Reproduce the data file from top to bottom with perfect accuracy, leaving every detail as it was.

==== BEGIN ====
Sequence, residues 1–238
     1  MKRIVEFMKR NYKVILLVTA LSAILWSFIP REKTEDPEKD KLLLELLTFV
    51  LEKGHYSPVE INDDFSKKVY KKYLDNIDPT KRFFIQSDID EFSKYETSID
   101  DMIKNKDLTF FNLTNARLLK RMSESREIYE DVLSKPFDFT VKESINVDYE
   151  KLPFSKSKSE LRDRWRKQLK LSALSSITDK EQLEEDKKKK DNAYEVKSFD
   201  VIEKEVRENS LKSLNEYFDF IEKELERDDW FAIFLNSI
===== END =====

Sequence, residues 1–238
     1  MKRIVEFMKR NYKVILLVTA LSAILWSFIP REKTEDPEKD KLLLELLTFV
    51  LEKGHYSPVE INDDFSKKVY KKYLDNIDPT KRFFIQSDID EFSKYETSID
   101  DMIKNKDLTF FNLTNARLLK RMSESREIYE DVLSKPFDFT VKESINVDYE
   151  KLPFSKSKSE LRDRWRKQLK LSALSSITDK EQLEEDKKKK DNAYEVKSFD
   201  VIEKEVRENS LKSLNEYFDF IEKELERDDW FAIFLNSI